What are the differences between public and home schooling?
6

Public vs. Home School

Posted by danieljkoren on November 27, 2010 in Viewpoints |

People have argued for years about whether home schooling makes smarter kids than public schooling. Smartness is not the point. The important thing is how young minds form and social patterns develop. It is a question of organic vs. synthetic.
Public schools exist to socialize the children of the populous. Home schools exist to disciple the hearts of the family. A paradox exists between what public schools attempt to be vs. what they accomplish and what home schools are labeled by others vs. their true nature. To contrast the two, think of public school like a block building and home school as a tree.

Cold, gray, and clinical
Like a cement block building, public schools lay out life in a symmetrical, calculated grid. At specific ages, children fit into specific learning slots. They learn colors, division, infinitive verbs, and algebra all at certain times. If someone lags behind, the teachers place him in a slow class. If someone jumps ahead of the pack, they bog these overachievers down with extra work to keep them in the grid.
This grid creates social silos. Students learn to communicate only within their age and academic group. The age silos break down further into interest groups such as athletic cliques (the jocks) or the computer whizzes (the “geeks”). This much we can learn by observation. We can commend the intentions of public education, however.
Public school creates a scheduled and systematic process of attaining knowledge. Aside from whether or not the curriculum used promotes or demotes God, we must admit that discipline and order fulfill a pillar of wisdom. Our Creator formed the world in an organized, progressive pattern. We honor Him by expanding our education in the same way.
Public education systems operate on the hopes of creating a perfect society. If we can get everyone informed, the experts hope, we will eliminate poverty, prejudice, and disease. Their research appears to have overlooked the importance of morals. Even the most educated and wealthy populations have committed the most horrid crimes against fellow humans.

Rough bark, green leaves, and fruit
The tree of home school life casts a tall shadow over the gray bricks of government education. When God created humanity, He did not start with a school. He brought people into the marvelous invention of family. Families do not align to a grid; they branch like a tree. Even among twins, you do not have anything identical among a home’s inhabitants. Trees have order and design, but lack calculated symmetry. Every tree is different. Where public education assumes your child will learn just like every other, a home leaves room for uniqueness. While every branch in a tree grows upward and bears fruit, all we ask of a child in the home is the same. We do not force our round pegs through the same square hole as the other students.
A tree includes new growth, older branches, and deep roots for stability. A home includes multiple ages, a variety of learning styles, and as many unique life purposes as persons. The twigs socialize with and learn from the older branches. Not only do they have the upward call of their future, they also draw strength from their family roots. They know who they are, who they were, and who they want to be.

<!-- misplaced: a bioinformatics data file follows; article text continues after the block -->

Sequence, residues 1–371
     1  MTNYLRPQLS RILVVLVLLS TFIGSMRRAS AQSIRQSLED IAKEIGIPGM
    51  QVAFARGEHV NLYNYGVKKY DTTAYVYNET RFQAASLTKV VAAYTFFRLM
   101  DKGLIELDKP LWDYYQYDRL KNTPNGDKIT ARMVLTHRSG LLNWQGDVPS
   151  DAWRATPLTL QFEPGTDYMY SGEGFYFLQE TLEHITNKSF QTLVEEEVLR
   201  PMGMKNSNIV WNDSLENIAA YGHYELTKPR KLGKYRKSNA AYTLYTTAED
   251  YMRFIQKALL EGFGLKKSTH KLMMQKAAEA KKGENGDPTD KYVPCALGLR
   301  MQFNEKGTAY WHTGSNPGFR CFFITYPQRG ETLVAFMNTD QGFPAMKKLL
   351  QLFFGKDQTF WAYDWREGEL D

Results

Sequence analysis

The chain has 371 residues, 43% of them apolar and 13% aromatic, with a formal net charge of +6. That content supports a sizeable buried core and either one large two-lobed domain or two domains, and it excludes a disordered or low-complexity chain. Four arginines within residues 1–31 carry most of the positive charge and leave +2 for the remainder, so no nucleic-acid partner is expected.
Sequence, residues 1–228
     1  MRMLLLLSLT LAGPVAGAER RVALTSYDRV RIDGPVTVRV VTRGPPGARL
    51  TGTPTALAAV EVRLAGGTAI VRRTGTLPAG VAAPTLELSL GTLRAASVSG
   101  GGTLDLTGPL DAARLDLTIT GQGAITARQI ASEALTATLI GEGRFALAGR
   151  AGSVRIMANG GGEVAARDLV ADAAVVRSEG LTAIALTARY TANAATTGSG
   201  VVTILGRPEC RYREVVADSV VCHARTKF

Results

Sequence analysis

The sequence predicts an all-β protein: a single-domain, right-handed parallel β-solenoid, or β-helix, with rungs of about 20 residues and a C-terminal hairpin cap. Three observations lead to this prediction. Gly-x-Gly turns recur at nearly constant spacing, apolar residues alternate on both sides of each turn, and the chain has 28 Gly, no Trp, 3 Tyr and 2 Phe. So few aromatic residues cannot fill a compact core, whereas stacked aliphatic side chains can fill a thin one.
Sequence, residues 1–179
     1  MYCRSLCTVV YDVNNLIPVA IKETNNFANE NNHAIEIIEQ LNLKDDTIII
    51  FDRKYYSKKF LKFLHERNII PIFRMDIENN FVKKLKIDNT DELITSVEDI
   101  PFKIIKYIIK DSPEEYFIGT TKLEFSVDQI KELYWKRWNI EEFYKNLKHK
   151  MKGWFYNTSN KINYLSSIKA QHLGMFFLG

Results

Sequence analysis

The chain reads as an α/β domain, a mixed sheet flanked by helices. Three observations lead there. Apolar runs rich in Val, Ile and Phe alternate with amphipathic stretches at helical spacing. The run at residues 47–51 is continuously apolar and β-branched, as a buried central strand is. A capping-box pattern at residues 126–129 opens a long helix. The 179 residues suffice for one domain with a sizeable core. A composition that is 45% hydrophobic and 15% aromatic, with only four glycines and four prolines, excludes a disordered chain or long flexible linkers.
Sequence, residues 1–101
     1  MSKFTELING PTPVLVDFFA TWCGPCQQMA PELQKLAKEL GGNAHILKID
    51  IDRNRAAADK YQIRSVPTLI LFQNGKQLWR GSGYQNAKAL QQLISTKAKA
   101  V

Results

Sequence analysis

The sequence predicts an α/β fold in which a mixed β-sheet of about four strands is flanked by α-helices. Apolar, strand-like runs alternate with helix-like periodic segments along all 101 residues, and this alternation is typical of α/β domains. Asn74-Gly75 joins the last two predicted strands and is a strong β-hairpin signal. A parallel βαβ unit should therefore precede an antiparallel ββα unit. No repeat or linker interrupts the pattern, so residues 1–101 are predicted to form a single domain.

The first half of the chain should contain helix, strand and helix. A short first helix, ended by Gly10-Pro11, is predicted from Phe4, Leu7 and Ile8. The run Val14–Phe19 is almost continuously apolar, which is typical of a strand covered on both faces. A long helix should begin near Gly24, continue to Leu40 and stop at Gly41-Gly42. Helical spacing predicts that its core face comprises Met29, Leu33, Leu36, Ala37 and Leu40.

Where a public school child often lives in a daze of now, a home schooler has better depth perception in life. Where public schools attempt to crank out clones of commonality, home schools give a child room to branch out. Where socialism and peer mentoring rules the day in public education, teamwork and parental role models shape the home learner’s destiny. Where public schools turn out students confused about what career to follow, home schools turn out trend setters who pursue a life purpose, not just a job.

Choose you this day
The irony of public schools is that such social institutions create isolation. On the other hand, home schools often take a lot of flak for being anti-social. However, most home-schoolers distinguish themselves from public schoolers by being able to carry a conversation with people from any age group. Public schoolers often can only talk to their own age group about a certain set of socially acceptable topics, such as portable gaming systems, sports, or celebrities.
The most important element of the home school is not the report cards or the promise for society. Home schools begin to fulfill the mandate to teach Gods ways to the children at home (Deuteronomy 6:4-7) and provide a setting for fathers to instruct their families (Ephesians 6:4). Take off the label “home school” and find we are really just talking about families.

The conflict is how we value the institution over the organism. Do we believe a man-made social mechanism can do better than a God-ordained family? Do we prefer synthetic children to organically grown? In the final analysis of public school vs. home school, do we want our children to live God-given dreams or just be clones who follow the population?

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